Hélène Campbell, an Ottawa woman known for her campaigns promoting organ donations now says she is experiencing complications while recovering from her double lung transplant. Campbell wrote in a blog post that although her lungs are working well, her blood “isn’t doing a good job of carrying the oxygen.” Campbell was diagnosed a year ago with idiopathic pulmonary fibrosis, an incurable and degenerative lung disease. She underwent transplant surgery last April and gained publicity with her campaign to raise awareness for the high need for organ donations in Canada. Campbell intends to continue with her organ advocacy work, which aided in the spike in organ donations.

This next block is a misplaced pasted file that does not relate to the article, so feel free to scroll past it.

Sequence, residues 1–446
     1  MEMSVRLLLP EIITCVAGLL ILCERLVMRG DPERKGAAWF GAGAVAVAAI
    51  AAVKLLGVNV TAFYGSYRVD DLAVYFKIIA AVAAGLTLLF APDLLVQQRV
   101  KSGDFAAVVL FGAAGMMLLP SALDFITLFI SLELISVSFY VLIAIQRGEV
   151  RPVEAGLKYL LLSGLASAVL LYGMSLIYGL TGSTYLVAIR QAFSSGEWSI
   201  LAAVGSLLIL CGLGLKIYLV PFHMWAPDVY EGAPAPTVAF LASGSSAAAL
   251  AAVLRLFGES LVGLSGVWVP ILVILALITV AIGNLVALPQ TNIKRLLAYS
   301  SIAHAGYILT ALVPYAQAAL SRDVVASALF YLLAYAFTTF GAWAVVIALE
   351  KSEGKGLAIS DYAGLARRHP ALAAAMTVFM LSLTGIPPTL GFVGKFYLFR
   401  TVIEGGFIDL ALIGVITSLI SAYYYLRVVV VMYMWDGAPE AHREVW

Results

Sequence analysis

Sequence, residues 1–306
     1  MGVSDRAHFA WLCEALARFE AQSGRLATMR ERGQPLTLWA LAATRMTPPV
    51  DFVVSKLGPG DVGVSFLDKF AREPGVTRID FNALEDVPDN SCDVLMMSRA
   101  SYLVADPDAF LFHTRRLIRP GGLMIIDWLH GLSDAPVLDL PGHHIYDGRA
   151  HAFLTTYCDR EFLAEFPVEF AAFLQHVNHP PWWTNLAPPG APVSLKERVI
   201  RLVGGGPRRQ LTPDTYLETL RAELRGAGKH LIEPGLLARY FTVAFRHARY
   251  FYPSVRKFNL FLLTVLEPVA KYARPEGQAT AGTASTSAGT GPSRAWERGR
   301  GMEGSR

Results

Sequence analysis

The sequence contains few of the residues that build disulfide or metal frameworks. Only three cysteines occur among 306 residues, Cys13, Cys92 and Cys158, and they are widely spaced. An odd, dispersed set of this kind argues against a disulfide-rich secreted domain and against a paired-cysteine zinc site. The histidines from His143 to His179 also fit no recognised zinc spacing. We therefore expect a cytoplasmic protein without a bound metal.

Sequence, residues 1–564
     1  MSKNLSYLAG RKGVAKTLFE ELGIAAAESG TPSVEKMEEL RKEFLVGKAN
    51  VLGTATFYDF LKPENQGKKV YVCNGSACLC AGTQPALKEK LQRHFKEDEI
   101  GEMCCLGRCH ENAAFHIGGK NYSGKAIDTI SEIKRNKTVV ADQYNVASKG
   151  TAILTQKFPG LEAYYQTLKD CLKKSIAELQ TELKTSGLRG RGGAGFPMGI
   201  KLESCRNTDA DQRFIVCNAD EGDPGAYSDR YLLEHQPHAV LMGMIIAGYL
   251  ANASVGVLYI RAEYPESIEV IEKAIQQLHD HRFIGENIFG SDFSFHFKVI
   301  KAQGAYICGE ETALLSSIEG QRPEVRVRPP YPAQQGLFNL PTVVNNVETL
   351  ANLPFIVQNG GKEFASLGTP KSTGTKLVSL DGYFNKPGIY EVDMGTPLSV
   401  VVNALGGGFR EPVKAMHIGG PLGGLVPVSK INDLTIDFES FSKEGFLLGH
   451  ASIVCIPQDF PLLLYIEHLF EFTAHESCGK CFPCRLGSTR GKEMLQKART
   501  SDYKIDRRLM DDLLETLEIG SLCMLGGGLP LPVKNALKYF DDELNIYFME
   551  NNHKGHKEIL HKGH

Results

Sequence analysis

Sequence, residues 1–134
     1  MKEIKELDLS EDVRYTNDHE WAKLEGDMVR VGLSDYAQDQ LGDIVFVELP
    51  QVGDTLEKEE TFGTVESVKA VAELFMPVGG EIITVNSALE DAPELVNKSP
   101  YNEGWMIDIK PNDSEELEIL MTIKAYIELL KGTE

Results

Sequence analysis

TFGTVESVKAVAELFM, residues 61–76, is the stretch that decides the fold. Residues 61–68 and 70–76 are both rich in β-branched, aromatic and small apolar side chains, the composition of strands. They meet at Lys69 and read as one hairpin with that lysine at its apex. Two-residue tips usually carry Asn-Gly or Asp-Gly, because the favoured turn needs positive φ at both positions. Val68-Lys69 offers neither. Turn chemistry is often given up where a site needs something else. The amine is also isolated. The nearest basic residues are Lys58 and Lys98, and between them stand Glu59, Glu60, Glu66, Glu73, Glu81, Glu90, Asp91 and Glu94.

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World in Brief
by Matthew Guité
→ No more bloody Sundays
Scotland and England agreed to the terms of a Scottish referendum on independence, including when the vote will be held. British Prime Minister David Cameron and First Minister of Scotland Alex Salmond met in Edinburgh to hash out the details of the upcoming vote, which would see Scots heading to the polls in autumn 2014 to answer a simple yes or no question: “Do you agree that Scotland should be an independent country?” If a majority agree, it would mark the beginnings of independence for Scotland, and though negotiations with the British government would be necessary, it would be difficult for the Cameron to deny the Scottish people their demands for their own country.
→ It’s a sword, it’s a weapon…it’s a cane?